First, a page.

Obviously, these are isolated examples. Other opportunities should be developed to explore finding the original quantity or the subtrahend. The lessons could be furthered by having several subtrahends. In all cases, the teacher sets the broad parameters and encourages the students to provide the specifics, to "fill in the blanks." Teachers must let go of the misconception that they need to control all aspects of a lesson. Invite the students to be co-contributors to their education.
Consensus is about building general agreement among most of the people concerned in an endeavor. There is no way to gain complete unanimity among individuals because every person's perspective, no matter how closely related, is inherently unique. The challenge is to gain this agreement in a way that does not alienate or harm others. Therefore, it is of the utmost importance to be considerate and polite. Students then learn that even when we do not get our way, it is still an enjoyable, rewarding experience to participate and create in cooperative ventures.
Because this notion of polite consideration is essential to all aspects of life it is difficult to find a tidy, linear place for it in the student directed model. From step 3, we saw that when students take new responsibilities, polite consideration is imperative. For this reason, polite consideration is a necessary cue to share with students. We must reiterate politeness now at step 5, with special emphasis, because students are going to be sharing personal, vulnerable insights with their friends and peers. If the class environment is hostile then future explorations become more difficult. Arguably, this step is one that should be delivered early in a student's educational experience. The sooner students master polite consideration, the less conspicuous and vulnerable they feel in their adolescent years.
Almost any communication exercises will help to develop consensus with polite consideration. One notion is the talking stick which helps listening skills. Only the person who holds the stick, or other symbolic device, is allowed to talk; no interruptions or arguments. The stick is then passed around the group giving each person a chance to say their piece. Children are sometimes so concerned with having their own way that they miss an identical idea from their neighbor. A second exercise is clarification. Before a student can comment on, or challenge another's idea they must first relate the original notion. This guarantees that accurate listening has taken place. Some students are verbal learners, and the simple act of clarification may provide insight.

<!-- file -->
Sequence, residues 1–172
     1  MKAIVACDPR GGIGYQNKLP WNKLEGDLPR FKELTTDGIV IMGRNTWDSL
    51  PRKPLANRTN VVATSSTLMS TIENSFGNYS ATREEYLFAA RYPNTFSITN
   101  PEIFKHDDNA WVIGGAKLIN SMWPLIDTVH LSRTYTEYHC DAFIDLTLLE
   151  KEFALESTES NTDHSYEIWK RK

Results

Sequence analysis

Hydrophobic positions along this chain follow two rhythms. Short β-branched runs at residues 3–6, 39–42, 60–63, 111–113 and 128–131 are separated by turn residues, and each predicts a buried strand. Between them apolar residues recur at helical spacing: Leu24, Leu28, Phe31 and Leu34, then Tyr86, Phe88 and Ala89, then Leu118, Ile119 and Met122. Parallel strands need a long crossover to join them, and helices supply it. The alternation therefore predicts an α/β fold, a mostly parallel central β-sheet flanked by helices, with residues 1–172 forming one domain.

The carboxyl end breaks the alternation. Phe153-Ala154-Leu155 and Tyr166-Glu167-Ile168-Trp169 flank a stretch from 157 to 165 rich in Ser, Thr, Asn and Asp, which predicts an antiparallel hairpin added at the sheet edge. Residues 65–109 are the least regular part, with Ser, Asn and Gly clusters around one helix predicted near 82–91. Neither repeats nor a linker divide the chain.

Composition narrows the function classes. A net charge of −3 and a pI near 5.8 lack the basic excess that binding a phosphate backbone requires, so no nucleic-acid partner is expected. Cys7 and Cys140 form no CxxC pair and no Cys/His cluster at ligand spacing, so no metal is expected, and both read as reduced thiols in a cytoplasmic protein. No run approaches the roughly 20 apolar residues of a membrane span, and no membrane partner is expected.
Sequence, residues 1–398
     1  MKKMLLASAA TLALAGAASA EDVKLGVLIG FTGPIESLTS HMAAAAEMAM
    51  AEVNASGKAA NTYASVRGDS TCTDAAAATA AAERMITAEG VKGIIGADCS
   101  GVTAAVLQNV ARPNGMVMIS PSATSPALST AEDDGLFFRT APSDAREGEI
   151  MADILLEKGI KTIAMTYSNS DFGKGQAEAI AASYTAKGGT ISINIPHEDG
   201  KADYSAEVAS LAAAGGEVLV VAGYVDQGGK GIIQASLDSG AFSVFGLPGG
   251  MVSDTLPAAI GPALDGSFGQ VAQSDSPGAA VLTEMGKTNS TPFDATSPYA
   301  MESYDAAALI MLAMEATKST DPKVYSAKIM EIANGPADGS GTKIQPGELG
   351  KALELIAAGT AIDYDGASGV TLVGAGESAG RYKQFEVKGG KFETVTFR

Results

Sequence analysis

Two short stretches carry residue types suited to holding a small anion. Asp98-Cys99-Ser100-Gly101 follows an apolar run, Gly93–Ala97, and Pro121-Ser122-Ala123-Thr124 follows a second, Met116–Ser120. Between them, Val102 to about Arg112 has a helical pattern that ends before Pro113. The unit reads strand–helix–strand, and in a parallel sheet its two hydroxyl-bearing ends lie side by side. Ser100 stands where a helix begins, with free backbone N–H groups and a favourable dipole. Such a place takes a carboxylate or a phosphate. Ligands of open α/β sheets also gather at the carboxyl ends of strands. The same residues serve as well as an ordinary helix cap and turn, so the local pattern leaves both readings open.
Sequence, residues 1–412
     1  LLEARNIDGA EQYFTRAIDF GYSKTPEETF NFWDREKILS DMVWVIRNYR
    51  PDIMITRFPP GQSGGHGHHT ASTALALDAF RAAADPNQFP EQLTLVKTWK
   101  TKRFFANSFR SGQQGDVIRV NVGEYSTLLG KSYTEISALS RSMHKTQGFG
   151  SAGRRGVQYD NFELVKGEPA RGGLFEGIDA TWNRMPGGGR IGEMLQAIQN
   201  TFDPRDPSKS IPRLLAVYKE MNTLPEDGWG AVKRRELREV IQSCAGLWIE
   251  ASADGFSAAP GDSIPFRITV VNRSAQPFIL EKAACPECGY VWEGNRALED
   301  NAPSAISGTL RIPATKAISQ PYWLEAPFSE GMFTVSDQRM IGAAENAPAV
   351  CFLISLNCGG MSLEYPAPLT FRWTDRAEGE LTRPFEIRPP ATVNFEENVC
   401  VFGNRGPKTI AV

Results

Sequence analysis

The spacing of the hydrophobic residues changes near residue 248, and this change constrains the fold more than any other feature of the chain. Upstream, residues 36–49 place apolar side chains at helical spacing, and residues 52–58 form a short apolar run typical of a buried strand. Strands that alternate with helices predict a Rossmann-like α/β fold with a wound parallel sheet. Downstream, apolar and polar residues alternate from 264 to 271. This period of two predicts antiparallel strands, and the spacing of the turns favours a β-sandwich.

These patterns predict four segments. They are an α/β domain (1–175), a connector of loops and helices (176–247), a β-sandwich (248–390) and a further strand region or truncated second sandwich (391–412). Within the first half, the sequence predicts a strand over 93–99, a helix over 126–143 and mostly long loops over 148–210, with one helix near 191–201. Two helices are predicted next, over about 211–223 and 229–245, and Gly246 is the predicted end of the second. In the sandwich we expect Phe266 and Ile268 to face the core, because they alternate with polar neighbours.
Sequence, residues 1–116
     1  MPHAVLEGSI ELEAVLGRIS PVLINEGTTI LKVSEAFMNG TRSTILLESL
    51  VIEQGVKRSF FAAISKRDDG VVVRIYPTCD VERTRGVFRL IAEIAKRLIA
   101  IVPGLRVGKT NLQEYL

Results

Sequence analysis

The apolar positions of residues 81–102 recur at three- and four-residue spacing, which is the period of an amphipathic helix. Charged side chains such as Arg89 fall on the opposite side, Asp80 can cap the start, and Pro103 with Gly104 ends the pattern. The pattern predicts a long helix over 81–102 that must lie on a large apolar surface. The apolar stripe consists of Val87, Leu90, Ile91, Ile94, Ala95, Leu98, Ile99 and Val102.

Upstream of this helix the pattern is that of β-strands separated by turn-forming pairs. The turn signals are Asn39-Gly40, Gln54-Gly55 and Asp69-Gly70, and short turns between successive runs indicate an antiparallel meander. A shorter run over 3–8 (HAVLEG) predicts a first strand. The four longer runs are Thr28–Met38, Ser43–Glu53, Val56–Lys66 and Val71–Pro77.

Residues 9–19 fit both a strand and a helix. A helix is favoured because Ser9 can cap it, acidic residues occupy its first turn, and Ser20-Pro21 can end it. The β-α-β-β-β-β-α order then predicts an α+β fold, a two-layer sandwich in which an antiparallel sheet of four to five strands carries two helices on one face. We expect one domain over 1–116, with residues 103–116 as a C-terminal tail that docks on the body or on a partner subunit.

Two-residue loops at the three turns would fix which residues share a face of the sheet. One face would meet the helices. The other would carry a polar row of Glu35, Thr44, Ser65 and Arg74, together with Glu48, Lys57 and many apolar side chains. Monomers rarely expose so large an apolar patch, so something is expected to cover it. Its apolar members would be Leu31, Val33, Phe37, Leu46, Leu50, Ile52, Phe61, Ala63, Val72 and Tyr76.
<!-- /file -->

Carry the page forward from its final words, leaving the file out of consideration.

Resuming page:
No one ever gets all that they want, nor are we always happy with another's ideas. Compromise will help to minimize pain and maximize success. This means that each party in a disagreement settles the problem through mutual concessions; everyone gives up something. During a project there are always several problems to be solved. For instance, in a musical analysis of Gustav Holts'' symphony, The Planets, students in a group may disagree on which planet to study. If students know the progressive points of the lesson, the goals, then they also know that each team member will need take on a duty, such a secretary, and a sub concept, such as melody. With this in mind one student might be willing to study Mars in exchange for first choice on duties.
Traditionally, the teacher may be tempted to take on the role of arbiter and enforce her arbitrary perspective. Instead, the teacher can ask probing questions that would bring out each student's priorities: "Why is Mars such an important planet for you?" "Is there a particular concept that you have more fun studying?" "Who would like to be in charge of controlling the cassette deck?" Each of these questions will help students to examine their options, and then work for a solution based on personal priorities. If the teacher is the final decision maker, then momentum will require that most of her time be spent solving conflicts, rather than tutoring insights.
After students become comfortable with contributing examples to preexisting problems then they can be challenged with solving the whole problem in a small group, or team context. Working cooperatively, in teams, addresses several opportunities for students to learn. They develop deeper communication skills, discover how to find their role in a group, synergistically draw upon the insight and ideas of others, and free themselves to make mistakes in a supportive and safe environment.